Book Title: Contemporary Issues in Marketing
Author(s): Martin Evans, Luiz Moutinho (auth.)
Publisher: Macmillan Education UK, Year: 1999
Category: BBA & MBA
Contemporary Issues in Marketing. In this first part, we have selected some clippings that reflect developments and trends in several areas. First, in Chapter 1 we examine the marketing concept itself, via two clippings that not only discuss the concept but also challenge the status quo. Another aspect of marketing explored in this part is what might be described as ‘the marketing environment’ (Chapter 2). Contemporary issues here include changes in market behaviour in terms of ethical consumerism and
the increasingly important – but often ignored – environmental constraint, posed by the law.
The next group of clippings in Chapter 2 are based on the market. This is at the heart of marketing – indeed marketing takes its direction from the market, so we don’t need to spell out the importance of understanding those market events which do or might affect our particular marketing operation. Essentially, marketing is concerned with understanding
the needs and requirements of consumers and providing them with what they want – and in a way that is both profitable to the marketer and satisfying to the purchaser. To put it more formally, the Chartered Institute of Marketing in the U.K. defines marketing as follows: ‘Marketing is the management process that identifies, anticipates and supplies customer requirements efficiently and profitably. In this way, marketing matches what the market wants with what the organisation offers. The marketing concept requires market or consumer orientation
as opposed to product or production orientation. One obvious way of summarising this is to think in terms of a customer orientation that leads us to ‘make what we can sell, rather than sell what we can make’. But we can go a little further and try to discover what it is that people do buy. A Revlon cosmetics executive is reported as saying: ‘In the factory we make soap; in the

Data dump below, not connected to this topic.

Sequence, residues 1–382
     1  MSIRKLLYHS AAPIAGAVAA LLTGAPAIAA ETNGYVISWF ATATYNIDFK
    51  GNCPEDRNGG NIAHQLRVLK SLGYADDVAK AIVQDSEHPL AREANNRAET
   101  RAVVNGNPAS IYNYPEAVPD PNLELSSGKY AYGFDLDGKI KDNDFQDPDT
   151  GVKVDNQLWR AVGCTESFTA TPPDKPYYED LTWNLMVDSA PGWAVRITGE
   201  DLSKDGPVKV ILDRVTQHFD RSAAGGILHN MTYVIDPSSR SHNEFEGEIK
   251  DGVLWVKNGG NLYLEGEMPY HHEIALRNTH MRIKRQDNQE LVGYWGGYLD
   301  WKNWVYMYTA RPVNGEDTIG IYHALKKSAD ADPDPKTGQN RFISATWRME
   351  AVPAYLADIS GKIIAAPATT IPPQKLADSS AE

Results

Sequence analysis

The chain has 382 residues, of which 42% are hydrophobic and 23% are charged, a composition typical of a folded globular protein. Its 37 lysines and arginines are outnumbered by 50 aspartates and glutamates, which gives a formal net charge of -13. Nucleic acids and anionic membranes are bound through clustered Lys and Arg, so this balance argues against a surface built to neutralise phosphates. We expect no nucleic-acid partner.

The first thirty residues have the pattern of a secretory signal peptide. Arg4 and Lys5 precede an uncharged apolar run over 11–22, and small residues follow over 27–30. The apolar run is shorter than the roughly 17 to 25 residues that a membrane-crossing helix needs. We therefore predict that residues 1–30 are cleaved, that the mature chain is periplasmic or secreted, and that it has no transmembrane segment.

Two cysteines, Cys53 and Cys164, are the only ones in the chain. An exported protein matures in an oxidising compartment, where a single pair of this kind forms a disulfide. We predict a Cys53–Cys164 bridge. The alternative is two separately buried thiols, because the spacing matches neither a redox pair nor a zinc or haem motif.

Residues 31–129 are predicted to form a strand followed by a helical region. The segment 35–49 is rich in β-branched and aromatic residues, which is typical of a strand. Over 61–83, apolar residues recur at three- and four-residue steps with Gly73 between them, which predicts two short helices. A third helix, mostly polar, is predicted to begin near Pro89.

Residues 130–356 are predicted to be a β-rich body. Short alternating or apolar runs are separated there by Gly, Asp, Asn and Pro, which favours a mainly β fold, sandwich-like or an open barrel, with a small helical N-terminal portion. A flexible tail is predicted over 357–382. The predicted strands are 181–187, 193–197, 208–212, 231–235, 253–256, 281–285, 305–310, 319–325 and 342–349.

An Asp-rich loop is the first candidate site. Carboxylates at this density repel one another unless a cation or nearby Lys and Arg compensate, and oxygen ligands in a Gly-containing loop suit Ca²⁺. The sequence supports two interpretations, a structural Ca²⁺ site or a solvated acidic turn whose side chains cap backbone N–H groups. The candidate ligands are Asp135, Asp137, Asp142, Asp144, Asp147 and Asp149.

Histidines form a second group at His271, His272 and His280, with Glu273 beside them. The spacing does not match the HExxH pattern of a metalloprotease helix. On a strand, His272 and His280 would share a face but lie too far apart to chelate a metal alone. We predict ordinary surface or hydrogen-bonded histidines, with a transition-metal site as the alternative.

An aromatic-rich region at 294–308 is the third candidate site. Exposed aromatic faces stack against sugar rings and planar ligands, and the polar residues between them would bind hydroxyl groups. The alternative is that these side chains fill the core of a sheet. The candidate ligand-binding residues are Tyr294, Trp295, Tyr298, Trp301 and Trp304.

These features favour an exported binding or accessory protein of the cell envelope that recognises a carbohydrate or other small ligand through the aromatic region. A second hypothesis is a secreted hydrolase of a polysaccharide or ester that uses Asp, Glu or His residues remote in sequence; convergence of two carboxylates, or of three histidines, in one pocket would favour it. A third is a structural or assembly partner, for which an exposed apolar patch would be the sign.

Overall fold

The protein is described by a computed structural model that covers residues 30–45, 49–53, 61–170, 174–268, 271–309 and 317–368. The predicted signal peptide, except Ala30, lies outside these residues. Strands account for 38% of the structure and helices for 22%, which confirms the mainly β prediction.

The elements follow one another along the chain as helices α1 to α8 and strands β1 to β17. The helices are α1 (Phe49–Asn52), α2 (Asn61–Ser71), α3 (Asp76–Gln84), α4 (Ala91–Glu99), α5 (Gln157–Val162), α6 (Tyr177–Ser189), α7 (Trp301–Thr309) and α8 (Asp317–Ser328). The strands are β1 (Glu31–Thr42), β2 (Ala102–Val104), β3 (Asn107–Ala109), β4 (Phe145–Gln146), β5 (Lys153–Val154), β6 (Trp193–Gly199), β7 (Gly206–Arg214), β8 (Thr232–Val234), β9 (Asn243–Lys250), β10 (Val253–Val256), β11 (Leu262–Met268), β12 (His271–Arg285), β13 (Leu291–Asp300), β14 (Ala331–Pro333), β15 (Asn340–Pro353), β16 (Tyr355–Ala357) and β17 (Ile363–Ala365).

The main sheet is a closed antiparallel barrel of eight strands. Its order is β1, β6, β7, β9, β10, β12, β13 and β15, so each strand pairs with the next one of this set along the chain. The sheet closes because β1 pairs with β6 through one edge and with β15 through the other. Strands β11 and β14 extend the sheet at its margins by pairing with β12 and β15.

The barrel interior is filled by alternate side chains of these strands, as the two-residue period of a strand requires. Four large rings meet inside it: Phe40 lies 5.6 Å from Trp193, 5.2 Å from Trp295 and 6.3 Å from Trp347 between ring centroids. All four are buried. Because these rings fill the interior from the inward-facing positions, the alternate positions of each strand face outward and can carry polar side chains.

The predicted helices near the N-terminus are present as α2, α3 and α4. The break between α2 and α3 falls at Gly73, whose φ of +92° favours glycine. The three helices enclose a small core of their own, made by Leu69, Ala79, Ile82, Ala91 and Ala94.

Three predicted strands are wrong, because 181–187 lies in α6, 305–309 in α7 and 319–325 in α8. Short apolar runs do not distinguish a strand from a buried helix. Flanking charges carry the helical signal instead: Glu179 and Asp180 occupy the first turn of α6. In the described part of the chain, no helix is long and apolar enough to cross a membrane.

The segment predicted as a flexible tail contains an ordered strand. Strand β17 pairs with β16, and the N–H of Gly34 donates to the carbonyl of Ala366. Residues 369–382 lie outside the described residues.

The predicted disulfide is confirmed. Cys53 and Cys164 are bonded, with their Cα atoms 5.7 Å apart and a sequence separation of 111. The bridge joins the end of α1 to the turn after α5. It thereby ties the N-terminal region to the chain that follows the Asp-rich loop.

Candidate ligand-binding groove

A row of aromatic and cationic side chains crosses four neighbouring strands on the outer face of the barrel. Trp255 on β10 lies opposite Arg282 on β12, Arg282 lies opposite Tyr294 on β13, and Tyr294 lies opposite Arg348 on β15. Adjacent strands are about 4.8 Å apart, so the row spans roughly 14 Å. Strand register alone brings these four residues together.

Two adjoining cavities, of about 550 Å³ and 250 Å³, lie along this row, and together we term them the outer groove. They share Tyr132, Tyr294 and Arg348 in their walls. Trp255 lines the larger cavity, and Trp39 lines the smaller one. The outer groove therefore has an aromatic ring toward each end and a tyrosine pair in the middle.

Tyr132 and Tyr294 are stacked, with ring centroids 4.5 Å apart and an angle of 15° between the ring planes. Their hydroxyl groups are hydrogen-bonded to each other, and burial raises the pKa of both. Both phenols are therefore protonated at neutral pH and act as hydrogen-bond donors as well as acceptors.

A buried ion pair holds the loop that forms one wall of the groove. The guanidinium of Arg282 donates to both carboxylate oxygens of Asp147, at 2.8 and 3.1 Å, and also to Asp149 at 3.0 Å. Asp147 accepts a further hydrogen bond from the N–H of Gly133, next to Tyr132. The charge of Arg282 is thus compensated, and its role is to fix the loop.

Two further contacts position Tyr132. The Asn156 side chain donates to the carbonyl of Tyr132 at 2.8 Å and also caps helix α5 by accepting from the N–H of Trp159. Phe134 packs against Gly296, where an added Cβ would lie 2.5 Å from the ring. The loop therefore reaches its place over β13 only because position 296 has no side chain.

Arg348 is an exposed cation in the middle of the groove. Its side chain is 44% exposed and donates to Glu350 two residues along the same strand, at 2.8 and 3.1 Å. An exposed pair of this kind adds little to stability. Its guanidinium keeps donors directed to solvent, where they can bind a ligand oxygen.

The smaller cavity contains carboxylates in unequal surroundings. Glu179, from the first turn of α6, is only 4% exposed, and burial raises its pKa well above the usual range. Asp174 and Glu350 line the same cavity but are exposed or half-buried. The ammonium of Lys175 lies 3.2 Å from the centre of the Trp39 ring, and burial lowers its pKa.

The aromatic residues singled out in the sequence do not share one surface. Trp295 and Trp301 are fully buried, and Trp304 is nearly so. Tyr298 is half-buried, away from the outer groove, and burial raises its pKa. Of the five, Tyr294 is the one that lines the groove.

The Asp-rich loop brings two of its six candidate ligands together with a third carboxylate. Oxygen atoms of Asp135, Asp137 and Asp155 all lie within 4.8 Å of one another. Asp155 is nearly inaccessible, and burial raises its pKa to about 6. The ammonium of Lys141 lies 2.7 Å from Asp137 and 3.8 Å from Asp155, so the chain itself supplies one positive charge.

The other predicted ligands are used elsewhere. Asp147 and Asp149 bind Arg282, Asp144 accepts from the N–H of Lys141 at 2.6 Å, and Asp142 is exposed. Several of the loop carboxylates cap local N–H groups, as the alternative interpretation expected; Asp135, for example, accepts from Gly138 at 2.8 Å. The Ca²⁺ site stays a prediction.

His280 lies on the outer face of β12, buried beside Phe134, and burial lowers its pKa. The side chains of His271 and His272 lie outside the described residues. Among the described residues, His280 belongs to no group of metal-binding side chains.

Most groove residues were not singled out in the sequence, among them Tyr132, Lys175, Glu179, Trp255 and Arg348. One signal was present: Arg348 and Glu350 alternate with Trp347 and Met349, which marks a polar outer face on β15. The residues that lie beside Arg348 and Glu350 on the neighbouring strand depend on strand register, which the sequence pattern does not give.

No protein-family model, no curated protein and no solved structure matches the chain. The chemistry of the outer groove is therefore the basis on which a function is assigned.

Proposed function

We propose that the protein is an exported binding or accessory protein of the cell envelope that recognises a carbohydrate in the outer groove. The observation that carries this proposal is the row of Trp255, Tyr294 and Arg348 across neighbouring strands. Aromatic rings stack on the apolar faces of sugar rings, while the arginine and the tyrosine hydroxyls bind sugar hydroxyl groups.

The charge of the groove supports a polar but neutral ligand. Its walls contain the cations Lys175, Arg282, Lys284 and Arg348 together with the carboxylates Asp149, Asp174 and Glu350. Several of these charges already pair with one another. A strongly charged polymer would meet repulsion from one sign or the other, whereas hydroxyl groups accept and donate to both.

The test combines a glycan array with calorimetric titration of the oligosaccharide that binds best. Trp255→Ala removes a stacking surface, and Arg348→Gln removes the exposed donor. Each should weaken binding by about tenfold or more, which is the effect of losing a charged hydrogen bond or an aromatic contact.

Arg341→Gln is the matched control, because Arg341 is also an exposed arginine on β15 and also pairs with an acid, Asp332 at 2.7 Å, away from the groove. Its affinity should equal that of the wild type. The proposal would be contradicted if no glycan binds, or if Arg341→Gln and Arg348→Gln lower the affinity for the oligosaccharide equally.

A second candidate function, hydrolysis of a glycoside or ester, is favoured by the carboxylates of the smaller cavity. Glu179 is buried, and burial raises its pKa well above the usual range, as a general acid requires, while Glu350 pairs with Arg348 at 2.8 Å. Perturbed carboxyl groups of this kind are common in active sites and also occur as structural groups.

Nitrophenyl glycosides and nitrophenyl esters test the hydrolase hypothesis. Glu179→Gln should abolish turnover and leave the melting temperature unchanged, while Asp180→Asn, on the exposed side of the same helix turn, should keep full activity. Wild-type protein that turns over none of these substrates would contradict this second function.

market we sell hope.’ On this basis Chapter, 3 includes a number of clippings
on the theme of consumer behaviour and addresses some contemporary developments, including changes in consumer profiling – demographics and psychographies in particular. The use by marketers of psychological peripheral cues to influence consumer perceptions and
behaviour, sometimes without them being aware of being influenced, is also explored. Other groups of clippings delve into age segmentation, especially the increasing importance of the over the fifties and, at the other end of the age scale, the growing targeting of ‘pester power. More topical segmentation and targeting dimensions are examined through a group of clippings
on gender stereotypes. The role of marketing research and information is also
clear with regard to the implications of the marketing concept. Chapter 4, therefore, includes clippings that explore some contemporary issues in market research and information. These include the increasing use of technology, the nature of ‘panel’ research and debates on
survey research, and also the move towards increasingly personalised consumer data – even ‘biographic’ data.